The Fourth Amendment Protects Against Unlawful Search and Seizure
Interviewer: That actually brings up a good question. How hard is it to prove that the officer did or did not have probable cause?
Paul: That is the entire essence of Fourth Amendment search and seizure practice. One of my absolute favorite areas of criminal defense is suppression of evidence, Fourth Amendment issues. It’s a matter of just tracking the officer’s conduct in the case very carefully.
More and More Patrol Cars Are Equipped with Audio and Video Recording but What Happens if the Recording Device Is turned off?
Nowadays, just about every patrol car is equipped with some sort of audio/video recording device. The entire traffic stop will be recorded and the dialogue between the officer and my client will be recorded. So we can really figure out what was done, what was said, what sequence of events and make good decisions about how to proceed with possible suppression issues in the case.
Interviewer: If that recording just maybe happened to be turned off, is that something that works in your client’s favor?
Paul: It can. But more often than not, the factual basis for a successful motion to suppress evidence is found in the audio or video recording of the traffic stop or arrest
Interviewer: Are there times that you come across situations where there is no recording?
Any Critical Omission by Police Can Raise Suspicion in the Mind of the Judge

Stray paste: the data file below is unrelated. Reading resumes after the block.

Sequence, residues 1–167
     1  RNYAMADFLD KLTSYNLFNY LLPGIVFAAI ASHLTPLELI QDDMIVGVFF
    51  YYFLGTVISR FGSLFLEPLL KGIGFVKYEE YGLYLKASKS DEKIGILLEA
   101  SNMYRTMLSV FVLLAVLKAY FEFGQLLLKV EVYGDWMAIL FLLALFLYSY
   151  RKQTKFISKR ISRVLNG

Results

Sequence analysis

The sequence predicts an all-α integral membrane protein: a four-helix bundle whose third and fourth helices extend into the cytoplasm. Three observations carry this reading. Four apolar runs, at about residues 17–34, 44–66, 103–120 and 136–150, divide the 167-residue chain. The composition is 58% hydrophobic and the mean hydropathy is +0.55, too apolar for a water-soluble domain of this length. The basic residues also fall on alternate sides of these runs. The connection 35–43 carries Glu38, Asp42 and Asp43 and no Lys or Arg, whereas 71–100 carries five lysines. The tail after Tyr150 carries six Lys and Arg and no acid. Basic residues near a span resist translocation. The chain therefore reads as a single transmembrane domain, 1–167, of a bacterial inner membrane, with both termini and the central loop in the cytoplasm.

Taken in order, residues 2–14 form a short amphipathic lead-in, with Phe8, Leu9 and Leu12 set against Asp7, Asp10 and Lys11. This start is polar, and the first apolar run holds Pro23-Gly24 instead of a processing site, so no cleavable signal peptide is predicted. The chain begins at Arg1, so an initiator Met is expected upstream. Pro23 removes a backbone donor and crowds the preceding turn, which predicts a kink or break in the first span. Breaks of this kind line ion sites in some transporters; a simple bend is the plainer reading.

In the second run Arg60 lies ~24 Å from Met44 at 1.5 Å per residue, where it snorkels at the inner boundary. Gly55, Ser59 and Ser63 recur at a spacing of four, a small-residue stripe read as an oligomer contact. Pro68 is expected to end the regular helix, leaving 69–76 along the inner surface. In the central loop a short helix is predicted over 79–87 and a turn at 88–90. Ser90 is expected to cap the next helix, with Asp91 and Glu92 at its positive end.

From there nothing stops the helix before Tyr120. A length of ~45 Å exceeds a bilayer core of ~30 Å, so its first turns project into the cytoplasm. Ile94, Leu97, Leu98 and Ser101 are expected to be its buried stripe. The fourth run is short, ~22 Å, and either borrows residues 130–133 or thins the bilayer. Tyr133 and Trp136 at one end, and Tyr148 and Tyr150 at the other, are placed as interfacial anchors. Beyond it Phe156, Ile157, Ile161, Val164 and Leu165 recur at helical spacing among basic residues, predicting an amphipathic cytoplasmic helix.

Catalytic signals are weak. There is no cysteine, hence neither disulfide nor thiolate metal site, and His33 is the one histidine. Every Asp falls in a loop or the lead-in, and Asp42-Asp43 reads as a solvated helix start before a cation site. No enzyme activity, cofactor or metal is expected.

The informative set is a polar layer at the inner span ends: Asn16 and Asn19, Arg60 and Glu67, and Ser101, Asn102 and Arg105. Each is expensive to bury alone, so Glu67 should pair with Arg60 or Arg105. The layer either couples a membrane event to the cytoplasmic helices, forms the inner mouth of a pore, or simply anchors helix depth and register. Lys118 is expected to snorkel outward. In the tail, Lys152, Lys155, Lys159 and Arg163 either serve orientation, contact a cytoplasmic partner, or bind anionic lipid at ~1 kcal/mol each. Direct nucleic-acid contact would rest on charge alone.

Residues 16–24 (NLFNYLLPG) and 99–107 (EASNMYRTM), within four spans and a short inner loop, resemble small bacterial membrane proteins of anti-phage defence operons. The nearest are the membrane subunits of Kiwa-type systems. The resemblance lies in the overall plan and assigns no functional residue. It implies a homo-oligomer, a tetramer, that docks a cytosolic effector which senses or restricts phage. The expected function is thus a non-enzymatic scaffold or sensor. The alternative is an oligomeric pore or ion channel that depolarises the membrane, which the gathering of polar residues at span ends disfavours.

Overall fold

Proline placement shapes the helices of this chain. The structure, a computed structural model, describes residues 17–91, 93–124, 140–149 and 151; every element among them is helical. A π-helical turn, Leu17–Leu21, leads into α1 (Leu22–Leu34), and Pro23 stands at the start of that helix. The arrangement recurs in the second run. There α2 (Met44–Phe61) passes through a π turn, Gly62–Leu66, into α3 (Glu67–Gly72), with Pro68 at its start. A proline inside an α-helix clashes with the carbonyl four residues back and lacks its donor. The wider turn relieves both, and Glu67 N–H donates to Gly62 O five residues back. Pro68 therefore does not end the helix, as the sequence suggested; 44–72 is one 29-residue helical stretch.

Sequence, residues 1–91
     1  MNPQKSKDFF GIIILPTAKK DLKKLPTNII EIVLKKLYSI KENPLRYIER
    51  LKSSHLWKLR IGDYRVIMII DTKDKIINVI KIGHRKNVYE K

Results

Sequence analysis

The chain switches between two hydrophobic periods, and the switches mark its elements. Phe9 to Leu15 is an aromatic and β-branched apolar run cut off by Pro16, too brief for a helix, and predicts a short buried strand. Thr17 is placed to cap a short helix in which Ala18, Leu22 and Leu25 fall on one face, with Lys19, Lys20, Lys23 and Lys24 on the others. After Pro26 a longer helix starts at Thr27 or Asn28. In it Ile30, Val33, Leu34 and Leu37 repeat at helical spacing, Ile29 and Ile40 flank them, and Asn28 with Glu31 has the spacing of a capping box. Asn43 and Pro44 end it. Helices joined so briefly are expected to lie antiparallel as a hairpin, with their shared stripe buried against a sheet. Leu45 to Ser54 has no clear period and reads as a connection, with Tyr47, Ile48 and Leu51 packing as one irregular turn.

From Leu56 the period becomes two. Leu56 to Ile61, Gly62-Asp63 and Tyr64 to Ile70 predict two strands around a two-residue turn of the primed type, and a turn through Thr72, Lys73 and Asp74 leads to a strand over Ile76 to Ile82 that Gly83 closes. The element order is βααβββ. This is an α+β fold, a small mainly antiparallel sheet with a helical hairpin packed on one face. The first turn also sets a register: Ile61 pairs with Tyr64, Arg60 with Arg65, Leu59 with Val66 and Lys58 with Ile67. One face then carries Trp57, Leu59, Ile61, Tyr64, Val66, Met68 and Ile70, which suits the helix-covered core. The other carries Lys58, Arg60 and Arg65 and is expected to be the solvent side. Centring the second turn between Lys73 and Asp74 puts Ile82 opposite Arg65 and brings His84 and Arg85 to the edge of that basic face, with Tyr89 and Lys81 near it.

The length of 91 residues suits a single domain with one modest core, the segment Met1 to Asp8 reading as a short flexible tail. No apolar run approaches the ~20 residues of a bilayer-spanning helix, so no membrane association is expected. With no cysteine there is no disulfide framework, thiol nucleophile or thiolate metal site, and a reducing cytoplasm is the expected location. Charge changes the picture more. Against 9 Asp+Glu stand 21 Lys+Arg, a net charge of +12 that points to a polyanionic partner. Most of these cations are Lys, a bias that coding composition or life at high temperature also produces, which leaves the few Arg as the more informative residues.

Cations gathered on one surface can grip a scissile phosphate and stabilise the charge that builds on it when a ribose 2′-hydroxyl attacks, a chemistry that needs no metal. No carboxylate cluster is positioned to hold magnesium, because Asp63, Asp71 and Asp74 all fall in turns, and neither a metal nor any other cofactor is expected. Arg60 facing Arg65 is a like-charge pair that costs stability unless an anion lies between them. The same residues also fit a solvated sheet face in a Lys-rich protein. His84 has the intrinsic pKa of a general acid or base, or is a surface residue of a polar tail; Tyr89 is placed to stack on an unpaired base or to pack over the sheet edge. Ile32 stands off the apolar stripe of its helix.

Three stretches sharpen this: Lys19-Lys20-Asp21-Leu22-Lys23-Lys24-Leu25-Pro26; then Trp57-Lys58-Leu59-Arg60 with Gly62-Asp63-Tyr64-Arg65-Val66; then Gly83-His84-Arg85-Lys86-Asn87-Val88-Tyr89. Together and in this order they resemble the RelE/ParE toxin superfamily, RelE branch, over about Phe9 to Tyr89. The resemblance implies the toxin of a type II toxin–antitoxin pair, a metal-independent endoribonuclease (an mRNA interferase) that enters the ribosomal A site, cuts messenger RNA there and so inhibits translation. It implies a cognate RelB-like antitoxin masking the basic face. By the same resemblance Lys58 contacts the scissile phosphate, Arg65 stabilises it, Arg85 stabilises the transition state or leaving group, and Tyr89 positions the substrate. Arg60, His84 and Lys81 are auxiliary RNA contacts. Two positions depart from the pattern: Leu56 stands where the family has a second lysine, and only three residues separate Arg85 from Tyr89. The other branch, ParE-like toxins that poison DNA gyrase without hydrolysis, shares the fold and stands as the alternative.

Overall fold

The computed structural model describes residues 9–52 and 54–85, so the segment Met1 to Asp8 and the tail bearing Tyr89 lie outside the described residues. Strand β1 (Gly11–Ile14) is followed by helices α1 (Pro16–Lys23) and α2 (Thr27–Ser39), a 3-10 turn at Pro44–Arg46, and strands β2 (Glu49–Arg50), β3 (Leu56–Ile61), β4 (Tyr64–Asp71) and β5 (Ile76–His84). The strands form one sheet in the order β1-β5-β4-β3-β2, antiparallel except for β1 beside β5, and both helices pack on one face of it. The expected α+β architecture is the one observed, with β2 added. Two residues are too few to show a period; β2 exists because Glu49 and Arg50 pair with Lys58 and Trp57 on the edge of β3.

Paul: When we do see a situation where the arresting officer had audio or video recording capabilities available, but for some reason failed to utilize those tools, that always leaves a really large question mark in the mind of the judge. Particularly if the audio recording device is active throughout the majority of the traffic stop, and then mysteriously turns off moments before the substantive events take place. That will always raise the suspicion of the judge.
A lot of times officers say it was inadvertent or accidental, but I think that can create a line of questioning that may be significant to the court. Certainly, these issues are determined on a case by case basis – we have to figure out how much mileage we can get out of those types of situations.
Call today for free consultation to discuss your case: (913) 322-3265. I represent clients facing serious criminal charges throughout the Kansas City Metro area including the municipalities of Johnson County, Kansas: De Soto, Gardner, Leawood, Lenexa, Merriam, Mission, Olathe, Overland Park, Prairie Village and Shawnee.
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